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Hummingbirds are birds native to the Americas that constitute the family Trochilidae. They are among the smallest of birds, most species measuring 7.5–13 cm (3–5 in) in length. Indeed, the smallest extant bird species is a hummingbird, the 5 cm (2.0 in) bee hummingbird weighing less than 2.0 g (0.07 oz).
They are known as hummingbirds because of the humming sound created by their beating wings which flap at high frequencies audible to humans. They hover in mid-air at rapid wing-flapping rates, which vary from around 12 beats per second in the largest species, to in excess of 80 in some of the smallest. Of those species that have been measured in wind tunnels, their top speed exceeds 15 m/s (54 km/h; 34 mph) and some species can dive at speeds in excess of 22 m/s (79 km/h; 49 mph).
Hummingbirds have the greatest mass-specific metabolic rate of any homeothermic animal. To conserve energy when food is scarce, and nightly when not foraging, they can go into torpor, a state similar to hibernation, slowing metabolic rate to 1/15th of its normal rate.
Hummingbirds exhibit sexual size dimorphism according to Rensch's rule, in which males are smaller than females in small species, and males are larger than females in large-bodied species. The extent of this sexual size difference varies among clades of hummingbirds. For example, the Mellisugini clade exhibits a large size dimorphism, with females being larger than males. Conversely, the Lophomithini clade displays very little size dimorphism; males and females are similar in size. Sexual dimorphisms in bill size and shape are also present between male and female hummingbirds, where in many clades, females have longer, more curved bills favored for accessing nectar from tall flowers. For males and females of the same size, females will tend to have larger bills.
Sexual size and bill differences likely evolved due to constraints imposed by courtship because mating displays of male hummingbirds require complex aerial maneuvers. Males tend to be smaller than females, allowing conservation of energy to forage competitively and participate more frequently in courtship. Thus, sexual selection will favor smaller male hummingbirds.
Female hummingbirds tend to be larger, requiring more energy, with longer beaks that allow for more effective reach into crevices of tall flowers for nectar. Thus females are better at foraging, acquiring flower nectar, and supporting the energy demands of their larger body size. Directional selection will thus favor the larger hummingbirds in terms of acquiring food.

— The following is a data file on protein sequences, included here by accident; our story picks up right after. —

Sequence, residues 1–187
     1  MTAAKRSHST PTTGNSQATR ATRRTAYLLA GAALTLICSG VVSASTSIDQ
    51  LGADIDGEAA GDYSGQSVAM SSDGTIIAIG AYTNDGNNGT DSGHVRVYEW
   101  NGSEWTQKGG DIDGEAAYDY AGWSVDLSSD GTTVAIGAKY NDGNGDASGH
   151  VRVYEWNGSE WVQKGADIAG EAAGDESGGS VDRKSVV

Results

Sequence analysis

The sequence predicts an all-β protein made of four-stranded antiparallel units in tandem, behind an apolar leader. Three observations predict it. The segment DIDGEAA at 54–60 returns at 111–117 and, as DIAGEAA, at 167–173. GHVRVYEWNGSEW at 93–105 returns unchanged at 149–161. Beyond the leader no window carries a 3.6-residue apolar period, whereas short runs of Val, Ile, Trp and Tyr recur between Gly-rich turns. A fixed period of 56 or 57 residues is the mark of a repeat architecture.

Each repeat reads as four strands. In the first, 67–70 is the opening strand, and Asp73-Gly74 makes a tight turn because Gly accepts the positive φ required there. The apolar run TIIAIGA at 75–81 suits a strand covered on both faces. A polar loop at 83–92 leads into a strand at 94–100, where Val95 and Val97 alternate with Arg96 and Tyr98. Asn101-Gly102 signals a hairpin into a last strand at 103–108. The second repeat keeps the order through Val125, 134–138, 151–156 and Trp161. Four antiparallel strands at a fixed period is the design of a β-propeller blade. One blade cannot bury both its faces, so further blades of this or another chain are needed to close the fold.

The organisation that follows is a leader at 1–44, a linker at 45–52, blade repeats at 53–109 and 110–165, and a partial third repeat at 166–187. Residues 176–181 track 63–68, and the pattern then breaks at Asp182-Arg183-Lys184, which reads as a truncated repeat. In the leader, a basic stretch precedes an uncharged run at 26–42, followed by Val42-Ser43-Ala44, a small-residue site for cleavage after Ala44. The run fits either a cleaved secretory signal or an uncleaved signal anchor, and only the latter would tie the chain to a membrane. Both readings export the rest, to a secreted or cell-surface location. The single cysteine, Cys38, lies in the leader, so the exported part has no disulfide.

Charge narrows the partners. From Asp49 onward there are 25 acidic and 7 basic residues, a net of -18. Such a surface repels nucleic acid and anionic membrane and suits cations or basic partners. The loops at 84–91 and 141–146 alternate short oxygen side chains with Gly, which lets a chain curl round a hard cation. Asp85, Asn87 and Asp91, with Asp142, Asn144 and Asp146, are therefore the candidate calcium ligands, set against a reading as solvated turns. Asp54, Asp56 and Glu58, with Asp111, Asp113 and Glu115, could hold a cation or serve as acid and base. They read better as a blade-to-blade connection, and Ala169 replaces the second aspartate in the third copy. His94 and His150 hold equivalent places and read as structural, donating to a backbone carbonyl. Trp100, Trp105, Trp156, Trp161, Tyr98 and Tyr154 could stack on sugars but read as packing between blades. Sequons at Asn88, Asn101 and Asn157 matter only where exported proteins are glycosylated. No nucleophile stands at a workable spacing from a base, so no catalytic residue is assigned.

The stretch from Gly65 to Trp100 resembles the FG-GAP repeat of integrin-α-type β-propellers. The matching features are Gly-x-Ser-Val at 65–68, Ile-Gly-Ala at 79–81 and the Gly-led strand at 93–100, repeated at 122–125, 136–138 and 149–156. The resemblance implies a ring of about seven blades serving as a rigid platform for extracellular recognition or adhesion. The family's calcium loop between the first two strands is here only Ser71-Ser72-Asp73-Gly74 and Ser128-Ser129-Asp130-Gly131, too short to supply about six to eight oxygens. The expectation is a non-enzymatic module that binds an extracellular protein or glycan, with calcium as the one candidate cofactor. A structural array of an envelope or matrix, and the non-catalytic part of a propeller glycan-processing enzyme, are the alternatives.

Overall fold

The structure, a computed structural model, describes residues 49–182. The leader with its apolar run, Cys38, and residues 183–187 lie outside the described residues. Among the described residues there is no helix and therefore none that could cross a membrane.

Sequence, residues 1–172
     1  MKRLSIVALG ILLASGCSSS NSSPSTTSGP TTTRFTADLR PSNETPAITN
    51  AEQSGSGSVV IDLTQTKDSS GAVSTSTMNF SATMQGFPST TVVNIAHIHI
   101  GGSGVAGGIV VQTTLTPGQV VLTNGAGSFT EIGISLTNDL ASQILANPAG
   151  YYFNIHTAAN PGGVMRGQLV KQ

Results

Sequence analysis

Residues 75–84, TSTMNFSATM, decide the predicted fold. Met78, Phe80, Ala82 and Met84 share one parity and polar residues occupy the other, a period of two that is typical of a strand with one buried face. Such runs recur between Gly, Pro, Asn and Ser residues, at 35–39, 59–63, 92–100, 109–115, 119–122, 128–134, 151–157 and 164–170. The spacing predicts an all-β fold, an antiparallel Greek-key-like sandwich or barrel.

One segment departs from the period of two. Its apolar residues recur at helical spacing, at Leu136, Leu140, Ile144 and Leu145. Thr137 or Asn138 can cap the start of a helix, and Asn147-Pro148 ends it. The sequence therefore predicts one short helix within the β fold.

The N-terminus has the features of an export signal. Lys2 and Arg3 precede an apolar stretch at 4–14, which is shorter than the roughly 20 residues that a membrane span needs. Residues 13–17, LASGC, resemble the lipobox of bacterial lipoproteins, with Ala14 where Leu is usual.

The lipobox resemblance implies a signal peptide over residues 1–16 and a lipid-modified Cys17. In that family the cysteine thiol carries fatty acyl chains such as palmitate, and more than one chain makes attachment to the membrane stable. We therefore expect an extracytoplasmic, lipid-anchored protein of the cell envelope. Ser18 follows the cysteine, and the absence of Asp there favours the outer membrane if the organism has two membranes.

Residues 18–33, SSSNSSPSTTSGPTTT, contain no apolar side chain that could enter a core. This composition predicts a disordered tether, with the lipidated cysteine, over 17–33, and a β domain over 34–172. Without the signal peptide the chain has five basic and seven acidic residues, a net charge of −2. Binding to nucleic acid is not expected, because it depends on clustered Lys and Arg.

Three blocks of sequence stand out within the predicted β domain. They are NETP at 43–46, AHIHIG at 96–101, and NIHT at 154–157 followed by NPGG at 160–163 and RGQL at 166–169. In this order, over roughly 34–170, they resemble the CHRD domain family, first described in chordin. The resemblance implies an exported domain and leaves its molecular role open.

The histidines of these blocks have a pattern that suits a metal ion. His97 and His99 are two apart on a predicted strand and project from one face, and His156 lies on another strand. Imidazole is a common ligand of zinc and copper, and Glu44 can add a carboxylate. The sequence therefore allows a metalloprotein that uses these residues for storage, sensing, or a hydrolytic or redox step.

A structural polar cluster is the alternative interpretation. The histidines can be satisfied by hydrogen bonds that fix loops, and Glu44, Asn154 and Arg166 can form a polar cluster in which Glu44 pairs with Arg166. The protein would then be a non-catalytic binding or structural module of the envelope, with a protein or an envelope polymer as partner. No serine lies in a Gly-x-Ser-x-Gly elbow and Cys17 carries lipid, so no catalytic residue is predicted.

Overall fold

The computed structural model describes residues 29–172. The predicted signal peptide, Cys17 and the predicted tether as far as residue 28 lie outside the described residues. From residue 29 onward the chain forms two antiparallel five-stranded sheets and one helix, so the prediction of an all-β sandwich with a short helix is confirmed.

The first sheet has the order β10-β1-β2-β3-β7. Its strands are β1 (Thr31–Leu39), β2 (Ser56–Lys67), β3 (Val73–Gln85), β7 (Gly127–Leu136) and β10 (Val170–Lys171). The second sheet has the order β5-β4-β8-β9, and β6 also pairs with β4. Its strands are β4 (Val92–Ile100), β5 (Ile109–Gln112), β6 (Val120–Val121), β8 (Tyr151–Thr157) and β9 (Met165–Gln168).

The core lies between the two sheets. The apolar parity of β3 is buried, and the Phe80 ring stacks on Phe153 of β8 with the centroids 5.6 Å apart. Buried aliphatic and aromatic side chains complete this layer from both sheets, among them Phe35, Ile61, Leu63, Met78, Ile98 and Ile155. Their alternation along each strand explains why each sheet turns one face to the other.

Another evolutionary cause of this sexual bill dimorphism is that the selective forces from competition for nectar between the sexes of each species are what drive the sexual dimorphism. Depending on which sex holds territory in the species, it is advantageous for the other sex to have a longer bill and be able to feed on a wide variety of flowers, decreasing intraspecific competition. For example, in species of hummingbirds where males have longer bills, males do not hold a specific territory and have a lek mating system. In species where males have shorter bills than females, males defend their resources and therefore females must have a longer bill in order to feed from a broader range of flower.
To serve courtship and territorial competition, many male hummingbirds have plumage with bright, varied coloration resulting both from pigmentation in the feathers and from prism-like cells within the top layers of feathers of the head, gorget, breast, back and wings. When sunlight hits these cells, it is split into wavelengths that reflect to the observer in varying degrees of intensity, with the feather structure acting as a diffraction grating. Iridescent hummingbird colors result from a combination of refraction and pigmentation, since the diffraction structures themselves are made of melanin, a pigment, and may also be colored by carotenoid pigmentation and more subdued black, brown or gray colors dependent on melanin.
By merely shifting position, feather regions of a muted-looking bird can instantly become fiery red or vivid green. In courtship displays for one example, males of the colorful Anna's hummingbird orient their bodies and feathers toward the sun to enhance the display value of iridescent plumage toward a female of interest.
One study of Anna's hummingbirds found that dietary protein was an influential factor in feather color, as birds receiving more protein grew significantly more colorful crown feathers than those fed a low-protein diet. Additionally, birds on a high-protein diet grew yellower (higher hue) green tail feathers than birds on a low-protein diet.
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